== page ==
A simplified technique has been devised for fabricating helical antennas for use in experiments on radio-frequency generation and acceleration of plasmas. These antennas are typically made of copper (for electrical conductivity) and must have a specific helical shape and precise diameter.

Such an antenna could be made by bending a single long piece of copper tubing or bending smaller pieces of copper tubing, then welding the pieces together. It could also be made by machining from a single large piece of copper. It is extremely difficult to bend copper tubing into a helix with a precise pitch and diameter. It is also difficult to create the helical shape from multiple pieces of tubing; moreover, welding separate pieces distorts the shape. Machining a hollow cylindrical helix from a block or cylinder of copper entails the use of a complex, expensive, three-dimensional-milling machine in a process that entails long setup and machining times.

In the present simplified technique, one begins by creating a two-dimensional paper template of a desired helical antenna shape. The template is pasted on the outer surface of a copper pipe that has the desired inner and outer diameters. Holes are drilled at the locations where corners are required to exist in the final helical antenna. Manually, using a hacksaw, diagonal cuts are made in the outer cylindrical surface of the pipe, following the lines on the template. Usually, after hacksawing, only a little filing is needed to smooth the edges of the resulting antenna. If the antenna must be water-cooled, then copper tubing can be brazed onto the outer surface of the antenna. This tubing is not required to follow the precisely defined shape of the antenna.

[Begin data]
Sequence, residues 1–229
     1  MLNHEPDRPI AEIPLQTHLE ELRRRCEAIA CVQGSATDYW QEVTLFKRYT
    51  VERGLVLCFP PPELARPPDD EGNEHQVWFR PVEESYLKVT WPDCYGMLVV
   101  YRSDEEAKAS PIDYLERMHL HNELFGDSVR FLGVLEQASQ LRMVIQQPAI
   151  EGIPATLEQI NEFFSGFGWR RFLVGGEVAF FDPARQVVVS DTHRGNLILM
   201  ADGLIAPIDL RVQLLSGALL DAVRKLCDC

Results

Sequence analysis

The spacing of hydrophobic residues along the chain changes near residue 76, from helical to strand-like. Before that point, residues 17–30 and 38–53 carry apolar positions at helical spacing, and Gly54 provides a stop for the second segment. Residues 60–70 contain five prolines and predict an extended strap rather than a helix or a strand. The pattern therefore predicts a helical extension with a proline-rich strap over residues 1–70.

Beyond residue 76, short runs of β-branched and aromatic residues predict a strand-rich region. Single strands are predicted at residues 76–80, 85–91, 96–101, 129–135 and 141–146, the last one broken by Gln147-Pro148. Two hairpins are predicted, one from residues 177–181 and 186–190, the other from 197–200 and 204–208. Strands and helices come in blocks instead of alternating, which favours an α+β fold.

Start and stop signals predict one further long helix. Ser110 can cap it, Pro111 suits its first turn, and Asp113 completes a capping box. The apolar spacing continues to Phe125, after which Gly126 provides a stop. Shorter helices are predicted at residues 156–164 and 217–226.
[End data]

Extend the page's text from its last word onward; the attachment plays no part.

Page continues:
This fabrication technique would not be suitable for mass production, but it is ideal for a laboratory environment. The advantages of the this technique are the following:

  • Precise antennas can be made from inexpensive, stock-size copper pipes.
  • No welding of separate pieces is needed, and so there is no welding-induced distortion of antenna shapes.
  • Prototype antennas can be fabricated fairly rapidly, without the need for complex three-dimensional-milling machines or computer-aided drafting tools.
  • Notwithstanding the reliance on handwork, the total fabrication time (as little as a few hours) is competitive with, and probably less than, that of any automated process that could be used for this purpose.

This work was done by Andrew Petro of Johnson Space Center. For further information, access the Technical Support Package (TSP) free on-line at www.techbriefs.com/tsp under the Manufacturing & Prototyping category. MSC-24076

NASA Tech Briefs Magazine

This article first appeared in the May, 2006 issue of NASA Tech Briefs Magazine.

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